We walked through the center of Santa Cruz de La Palma.
A Mass ends inside the church of El Salvador and believers return to the dim light of the gray day and a healthy secular coexistence.
Francis – the guide we have during some tours around the island confirms the religiosity of the palmeros and also his love for the good life, preferably outdoors: “We here in La Palma are probably among the most Latin American Europeans there are.
We have the second best tobacco in the world, after Cuba, of course. We are also big fans of “pure” smoking and parsley, from rumba and other Caribbean rhythms.
In La Palma there are no clubs. There is street music and, most of the time, live.”
For those visiting the westernmost part of the Canary Islands for the first time, it is difficult to say which of the two aspects occupies most of the residents' minds.
Anyway, the palmeros they have good reasons to give themselves to the faith of heart and soul.
O volcanism Potentially Blasting the Island of La Palma
According to a considerable part of the scientific community, they live half-walls with a gigantic time bomb whose detonation period has not yet been deciphered.
The next day dawns even more leaden but the rain doesn't disturb the way to the La Caldera de Taburiente National Park.
We go through a tunnel dug into the mountain that Francis assures us that the natives treat by del Tiempo: “It's just that when we enter from the other side and the weather is bad, it's almost guaranteed that, on the opposite, it will be good.”
We gradually climb the slope until we reach a section covered with lush pine trees, which the sunlight saturates with an eccentric yellowish-green.
From there, we can see the supreme contours of the caldera of the great volcano of La Palma, traversed by a caravan of clouds that the prevailing winds manage to force into the crater.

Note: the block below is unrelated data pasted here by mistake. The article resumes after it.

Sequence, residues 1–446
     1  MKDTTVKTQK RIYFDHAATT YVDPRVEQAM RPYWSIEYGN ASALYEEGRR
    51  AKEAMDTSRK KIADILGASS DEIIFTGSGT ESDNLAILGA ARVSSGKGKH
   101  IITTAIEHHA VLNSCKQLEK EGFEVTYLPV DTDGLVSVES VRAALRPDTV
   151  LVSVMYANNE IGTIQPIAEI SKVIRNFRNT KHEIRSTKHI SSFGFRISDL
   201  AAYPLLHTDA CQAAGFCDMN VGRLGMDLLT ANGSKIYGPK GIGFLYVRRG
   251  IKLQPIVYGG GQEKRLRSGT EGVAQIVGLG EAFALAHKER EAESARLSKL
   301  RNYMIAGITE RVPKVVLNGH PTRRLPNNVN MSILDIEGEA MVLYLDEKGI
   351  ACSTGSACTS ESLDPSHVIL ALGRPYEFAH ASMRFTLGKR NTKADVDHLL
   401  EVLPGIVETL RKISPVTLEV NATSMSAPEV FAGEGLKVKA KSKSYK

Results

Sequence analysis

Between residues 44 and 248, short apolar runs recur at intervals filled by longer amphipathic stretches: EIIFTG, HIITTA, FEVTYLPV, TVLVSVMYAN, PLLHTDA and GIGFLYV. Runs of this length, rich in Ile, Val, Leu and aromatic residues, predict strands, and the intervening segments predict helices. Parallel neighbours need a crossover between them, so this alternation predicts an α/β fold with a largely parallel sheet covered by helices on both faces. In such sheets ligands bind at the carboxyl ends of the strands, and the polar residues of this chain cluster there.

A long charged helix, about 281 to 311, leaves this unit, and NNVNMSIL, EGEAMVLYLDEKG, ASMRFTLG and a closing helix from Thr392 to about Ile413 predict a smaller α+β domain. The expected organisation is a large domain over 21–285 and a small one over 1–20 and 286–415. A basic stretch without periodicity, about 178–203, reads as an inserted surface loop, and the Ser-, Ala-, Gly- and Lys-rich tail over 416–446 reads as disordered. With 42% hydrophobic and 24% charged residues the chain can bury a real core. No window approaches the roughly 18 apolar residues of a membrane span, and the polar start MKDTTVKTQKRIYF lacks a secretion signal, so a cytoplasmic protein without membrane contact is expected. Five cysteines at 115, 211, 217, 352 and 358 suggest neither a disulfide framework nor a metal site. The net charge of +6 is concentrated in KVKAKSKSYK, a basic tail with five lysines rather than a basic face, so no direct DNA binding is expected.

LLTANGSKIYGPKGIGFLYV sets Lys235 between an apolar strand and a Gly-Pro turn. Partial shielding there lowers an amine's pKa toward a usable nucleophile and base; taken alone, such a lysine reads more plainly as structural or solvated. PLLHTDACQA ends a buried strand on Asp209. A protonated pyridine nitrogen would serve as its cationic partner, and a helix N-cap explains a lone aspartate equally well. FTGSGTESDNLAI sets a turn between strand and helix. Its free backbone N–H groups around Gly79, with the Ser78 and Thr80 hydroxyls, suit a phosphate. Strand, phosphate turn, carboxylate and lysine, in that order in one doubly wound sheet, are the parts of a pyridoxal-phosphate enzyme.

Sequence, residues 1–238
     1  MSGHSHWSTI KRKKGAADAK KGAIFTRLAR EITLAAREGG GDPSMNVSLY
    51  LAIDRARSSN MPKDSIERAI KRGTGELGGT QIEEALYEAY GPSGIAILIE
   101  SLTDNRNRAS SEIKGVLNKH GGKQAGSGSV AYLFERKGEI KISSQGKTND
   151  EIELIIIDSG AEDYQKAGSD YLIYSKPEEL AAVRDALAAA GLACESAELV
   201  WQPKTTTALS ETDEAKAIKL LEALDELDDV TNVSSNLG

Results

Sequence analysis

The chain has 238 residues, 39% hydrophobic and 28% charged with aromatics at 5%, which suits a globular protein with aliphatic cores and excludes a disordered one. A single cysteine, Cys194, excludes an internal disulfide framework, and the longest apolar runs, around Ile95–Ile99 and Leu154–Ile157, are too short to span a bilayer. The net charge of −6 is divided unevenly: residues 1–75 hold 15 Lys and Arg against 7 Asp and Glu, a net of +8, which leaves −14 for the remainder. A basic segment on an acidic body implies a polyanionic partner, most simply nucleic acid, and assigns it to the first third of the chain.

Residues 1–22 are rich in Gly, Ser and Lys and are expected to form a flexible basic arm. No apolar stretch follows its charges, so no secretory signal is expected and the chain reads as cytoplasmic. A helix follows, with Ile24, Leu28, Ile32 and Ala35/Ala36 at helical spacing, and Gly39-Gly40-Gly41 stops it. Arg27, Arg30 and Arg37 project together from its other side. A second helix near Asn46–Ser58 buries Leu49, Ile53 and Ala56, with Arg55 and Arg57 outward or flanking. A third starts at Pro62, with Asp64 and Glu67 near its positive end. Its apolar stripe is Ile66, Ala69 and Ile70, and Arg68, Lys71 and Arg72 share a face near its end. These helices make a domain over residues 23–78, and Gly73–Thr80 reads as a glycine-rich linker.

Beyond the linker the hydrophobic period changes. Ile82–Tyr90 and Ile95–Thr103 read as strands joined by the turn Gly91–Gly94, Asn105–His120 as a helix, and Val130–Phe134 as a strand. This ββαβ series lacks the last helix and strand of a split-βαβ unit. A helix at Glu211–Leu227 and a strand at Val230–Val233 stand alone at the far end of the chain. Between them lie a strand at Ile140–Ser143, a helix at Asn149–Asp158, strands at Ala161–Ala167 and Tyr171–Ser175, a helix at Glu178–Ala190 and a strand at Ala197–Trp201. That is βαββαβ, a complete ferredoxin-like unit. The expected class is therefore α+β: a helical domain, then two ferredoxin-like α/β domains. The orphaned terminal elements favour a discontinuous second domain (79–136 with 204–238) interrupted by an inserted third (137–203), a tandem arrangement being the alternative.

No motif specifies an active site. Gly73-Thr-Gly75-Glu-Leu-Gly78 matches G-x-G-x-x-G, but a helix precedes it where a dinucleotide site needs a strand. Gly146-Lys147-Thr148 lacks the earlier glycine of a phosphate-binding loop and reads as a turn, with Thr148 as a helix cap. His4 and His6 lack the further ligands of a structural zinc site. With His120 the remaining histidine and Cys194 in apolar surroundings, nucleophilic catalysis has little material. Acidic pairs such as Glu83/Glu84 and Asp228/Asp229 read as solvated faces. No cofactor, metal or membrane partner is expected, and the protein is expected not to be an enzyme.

Bearing in mind the ecstatic beauty and natural peace that is experienced, we wonder how the palmeros to the unexpected media and globalized alarmism around its mother island.
The Great Leap of Expected Eruptions to an Apocalyptic Tsunami
After the Southwest Asian tsunami of December 25, 2004, the media rushed to find possible successors.
The BBC, in particular, released the documentary “Megatsunami, Wave of Destruction” based on the theory arrived at by Stephen N. Ward and Simon Day.
The duo developed a computer simulation of the effects of an eventual collapse of the western slope of the Cumbre Vieja volcano (1949 m) over the Atlantic Ocean, triggered by a large eruption.
The simulation estimated that the debacle would generate huge waves.
They could have, in origin, 900 meters high.
After three hours, they would reach the Iberian Peninsula – to the north – with about 5 meters, but after more than six hours of crossing, they would still reach the Caribbean islands, several of them as volcanic or more.
They would also hit the opposite coasts of North and South America, with between 10 to 15 meters where they would cause overwhelming destruction.
Since 2005, the media has made the most of the audience-raising potential and turned this scientific study into a mega-eruption of sensationalism.
More and more channels, magazines and websites used the duo theory to develop documentaries and articles.
Almost always committed to easy hysteria, with the North Americans leading this carnival, promoters of Hollywood images of giant waves swallowing the inevitable island of Manhattan.
The Cumbre Vieja Time Bomb Volcano and its Various Craters
The Cumbre Vieja remained undaunted and serene. On September 19, 2021, it erupted again and on October 10 (revision date for this text) it remained so.
From intermediate altitudes as we walked, we ascend towards Roque de Los Muchachos, at 2426 meters.